I realize that I’m wading into sensitive territory here because this discussion involves making judgments about the messages we send to our children. And I don’t want to suggest that I am the final arbiter of what is good or bad, healthy or unhealthy for your children. At the same time, I don’t think it’s that controversial to say that there are messages that we can all agree are beneficial to children. Messages about the value of integrity, compassion, hard work, and accountability would seem to fit nicely into this category. I also believe that there would be widespread agreement that some messages are harmful to children. I would place messages that convey the value of greed, selfishness, mean-spiritedness, and physical appearance in this category. Yet, I don’t think I would be going out on a limb by suggesting that parents today (not to mention our popular culture) often communicate these and other “bad” messages to their children.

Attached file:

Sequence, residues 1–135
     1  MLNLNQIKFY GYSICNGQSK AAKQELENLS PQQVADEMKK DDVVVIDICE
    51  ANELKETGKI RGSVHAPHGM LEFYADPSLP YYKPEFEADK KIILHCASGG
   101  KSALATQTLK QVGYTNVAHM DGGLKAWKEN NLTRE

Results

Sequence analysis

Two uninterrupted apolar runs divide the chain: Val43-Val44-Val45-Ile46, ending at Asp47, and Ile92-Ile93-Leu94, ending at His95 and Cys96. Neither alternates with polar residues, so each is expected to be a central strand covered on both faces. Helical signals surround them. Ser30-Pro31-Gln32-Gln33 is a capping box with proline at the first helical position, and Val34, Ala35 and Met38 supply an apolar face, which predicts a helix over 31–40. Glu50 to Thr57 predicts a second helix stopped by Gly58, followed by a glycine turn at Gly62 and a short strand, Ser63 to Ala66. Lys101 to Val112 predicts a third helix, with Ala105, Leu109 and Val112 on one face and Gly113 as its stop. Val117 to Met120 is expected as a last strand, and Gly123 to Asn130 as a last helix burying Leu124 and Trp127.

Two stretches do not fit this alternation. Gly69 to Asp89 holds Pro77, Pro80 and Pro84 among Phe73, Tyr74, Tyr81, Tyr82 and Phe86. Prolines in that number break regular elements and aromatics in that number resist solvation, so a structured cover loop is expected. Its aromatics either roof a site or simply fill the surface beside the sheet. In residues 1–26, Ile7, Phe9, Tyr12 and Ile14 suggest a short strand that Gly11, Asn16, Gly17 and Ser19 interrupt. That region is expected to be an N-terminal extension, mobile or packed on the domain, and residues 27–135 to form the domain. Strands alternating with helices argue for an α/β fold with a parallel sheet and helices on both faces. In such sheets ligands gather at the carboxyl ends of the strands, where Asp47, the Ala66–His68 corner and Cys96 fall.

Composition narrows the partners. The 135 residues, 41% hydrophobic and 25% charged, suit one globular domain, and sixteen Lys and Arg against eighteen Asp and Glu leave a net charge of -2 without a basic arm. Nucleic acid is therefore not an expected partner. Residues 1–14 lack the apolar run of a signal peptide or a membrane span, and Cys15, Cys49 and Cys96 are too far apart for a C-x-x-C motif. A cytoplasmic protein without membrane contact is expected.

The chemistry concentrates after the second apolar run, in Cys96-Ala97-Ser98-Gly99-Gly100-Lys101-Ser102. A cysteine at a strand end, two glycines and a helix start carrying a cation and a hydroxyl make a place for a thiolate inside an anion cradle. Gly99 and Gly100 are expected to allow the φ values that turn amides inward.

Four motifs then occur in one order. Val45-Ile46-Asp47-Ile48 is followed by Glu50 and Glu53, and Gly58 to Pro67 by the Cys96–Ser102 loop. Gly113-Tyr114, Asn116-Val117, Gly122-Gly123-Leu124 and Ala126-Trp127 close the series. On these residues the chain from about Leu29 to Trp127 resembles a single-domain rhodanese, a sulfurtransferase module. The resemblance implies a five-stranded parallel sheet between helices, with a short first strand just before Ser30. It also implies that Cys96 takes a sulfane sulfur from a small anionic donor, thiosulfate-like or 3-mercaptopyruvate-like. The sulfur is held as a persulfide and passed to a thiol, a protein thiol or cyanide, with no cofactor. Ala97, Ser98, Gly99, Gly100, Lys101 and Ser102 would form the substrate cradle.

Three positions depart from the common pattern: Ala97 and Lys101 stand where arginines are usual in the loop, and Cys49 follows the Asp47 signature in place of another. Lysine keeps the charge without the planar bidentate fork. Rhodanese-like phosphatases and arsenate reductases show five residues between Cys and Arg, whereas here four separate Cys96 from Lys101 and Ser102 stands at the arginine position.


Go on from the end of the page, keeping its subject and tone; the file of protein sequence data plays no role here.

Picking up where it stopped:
And you’re not alone in sending unhealthy messages to your children. In a survey of more than 1600 parents with children between the ages of five and 17, the substantial majority said that it was “absolutely essential” that they teach their children to develop self-control, save money, be honest, be independent, do their best in school, have good eating habits, and be well mannered. Yet, when asked if they succeeded in sending messages that affirm these beliefs, the discrepancy between the belief and success in conveying the message ranged from 22% (e.g., 84% of parents believed that they should teach their children to be polite, but only 62% have succeeded at sending that message) to 49% (e.g., 83% believed in the value of self-control, but only 34% see themselves as having succeeded in giving that message). As one father who was interviewed put it, “My challenge is I need to be more focused on discipline and all that. But life is so short; I want to have fun.”